Most real estate investors and developers build their careers on operations that are at odds with conservationists; they clear trees and destroy animal habitats to make way for construction, build suburban complexes with wasteful expanses of lawn, and overbuild in high-demand locations, creating crowding and pollution, among other environmental insults. The reasons are simple – conservation has never been viewed as profitable. If investors can’t make money off a project, why participate in it?
Though the profit motive remains a central concern, we’ve reached a critical juncture where sustainable practices are becoming more desirable – even financially sensible – opening doors to developers.
These three strategies are poised to transform the world of real estate development for the better.
Among the simplest and most popular approaches to sustainable development today are the use of eco-friendly materials and alternative designs that are more energy efficient. This includes building houses with wider, shading roofs and south-facing windows, installing solar panels on new construction, and following LEED standards for commercial construction.
Yes, some of these practices are more expensive than conventional construction, buyers and tenants will typically pay more due to the desirability of sustainable architecture. Buyers are committed to putting their money where their values are, but investors and developers have to create these spaces first.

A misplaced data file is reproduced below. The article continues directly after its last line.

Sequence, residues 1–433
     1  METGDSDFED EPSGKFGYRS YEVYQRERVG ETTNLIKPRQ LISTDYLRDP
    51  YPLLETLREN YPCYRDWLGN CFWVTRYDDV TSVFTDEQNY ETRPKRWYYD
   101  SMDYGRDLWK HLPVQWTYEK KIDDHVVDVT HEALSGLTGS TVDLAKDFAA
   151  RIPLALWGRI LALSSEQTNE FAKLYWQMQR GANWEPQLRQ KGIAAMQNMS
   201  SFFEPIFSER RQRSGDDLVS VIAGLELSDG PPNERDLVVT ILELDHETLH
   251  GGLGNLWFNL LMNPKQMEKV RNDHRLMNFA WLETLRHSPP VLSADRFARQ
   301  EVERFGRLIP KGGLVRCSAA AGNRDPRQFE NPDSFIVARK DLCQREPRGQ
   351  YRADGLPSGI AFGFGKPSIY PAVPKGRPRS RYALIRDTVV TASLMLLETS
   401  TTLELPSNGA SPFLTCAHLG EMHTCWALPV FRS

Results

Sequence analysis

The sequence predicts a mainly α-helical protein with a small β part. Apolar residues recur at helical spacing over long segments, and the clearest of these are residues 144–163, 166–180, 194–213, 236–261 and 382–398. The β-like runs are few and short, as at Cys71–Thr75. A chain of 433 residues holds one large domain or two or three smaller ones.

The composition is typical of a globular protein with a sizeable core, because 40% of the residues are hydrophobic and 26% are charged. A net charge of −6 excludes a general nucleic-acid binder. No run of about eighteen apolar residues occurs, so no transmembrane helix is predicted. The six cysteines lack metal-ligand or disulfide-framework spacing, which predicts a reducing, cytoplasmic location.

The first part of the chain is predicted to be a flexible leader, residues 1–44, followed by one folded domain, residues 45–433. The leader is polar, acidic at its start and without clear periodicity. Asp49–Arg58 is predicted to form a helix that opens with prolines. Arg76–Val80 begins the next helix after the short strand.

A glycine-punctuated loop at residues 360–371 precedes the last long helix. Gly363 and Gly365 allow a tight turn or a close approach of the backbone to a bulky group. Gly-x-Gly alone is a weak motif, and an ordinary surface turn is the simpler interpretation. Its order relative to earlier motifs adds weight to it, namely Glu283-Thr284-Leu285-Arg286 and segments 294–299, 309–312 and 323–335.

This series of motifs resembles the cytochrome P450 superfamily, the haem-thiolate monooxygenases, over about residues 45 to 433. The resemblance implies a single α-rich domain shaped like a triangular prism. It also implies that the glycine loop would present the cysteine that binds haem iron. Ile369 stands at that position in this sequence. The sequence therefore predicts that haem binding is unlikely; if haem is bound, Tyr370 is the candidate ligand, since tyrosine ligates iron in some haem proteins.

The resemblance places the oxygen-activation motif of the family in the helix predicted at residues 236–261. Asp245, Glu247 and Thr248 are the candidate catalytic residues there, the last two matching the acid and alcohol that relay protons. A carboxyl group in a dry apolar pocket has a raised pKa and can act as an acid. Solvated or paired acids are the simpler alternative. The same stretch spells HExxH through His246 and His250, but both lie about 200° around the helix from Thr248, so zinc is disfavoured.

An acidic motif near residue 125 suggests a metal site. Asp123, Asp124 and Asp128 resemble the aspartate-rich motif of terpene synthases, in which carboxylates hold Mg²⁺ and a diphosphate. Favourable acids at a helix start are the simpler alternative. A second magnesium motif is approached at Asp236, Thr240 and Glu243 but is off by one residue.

Another way that investors are making an interest in conservationism work to their advantage is ecotourism. Ecotourism blends several different factors – traditional tourism concepts, non-disruptive development, and ecological education – to create profitable spaces in environmentally rich locations. This concept has been transformative in areas like Costa Rica where mainstream tourism was threatening rainforest biodiversity.
What does ecotourism look like in practice? Zip lines are a perfect example. Made popular through Boy Scout camps and ropes courses, zip lines are the closest you’ll ever get to flying without a motor. Rather, using ropes and harnesses, zip lines allow you to fly through the air and experience your surroundings up close. This is perfect for environments like the rainforest where the majority of activity takes place in the canopy.
As investors and developers, you may be wondering how it’s possible to build an attraction without really building – and demolishing – but experience proves it can be done. The Rainforest Adventures company has created two major adventure parks in Costa Rica without cutting down a single tree. It takes commitment and ingenuity, but it can be done.
Finally, those investors who are truly committed to protecting the environment may want to consider the benefits of a conservation easement. Conservation easements are a type of contract between a property owner and another body, potentially a governmental entity or nonprofit, with the intention of protecting the covered area, which may contain waterways, valuable habitats, or a historic site. Such agreements are binding in perpetuity, but that doesn’t mean property owners should view them as a loss.
Rather, if you choose to draw up a conservation easement, as the owner you are eligible for significant tax benefits. The actual value is determined by calculating the difference between the value of the property under the easement restrictions as compared to its use value prior to the creation of this contract. Depending on where you live, you may even qualify for a direct dollar-for-dollar income tax reduction due to your participation in an easement.
Disruptive development has been transforming our environment for years, and it’s time for real estate investors and developers to step up and take responsibility for those negative effects – but we don’t need to take a loss to do so.
Conservation-oriented behavior is profitable and prudent – making it a tactic we should all embrace.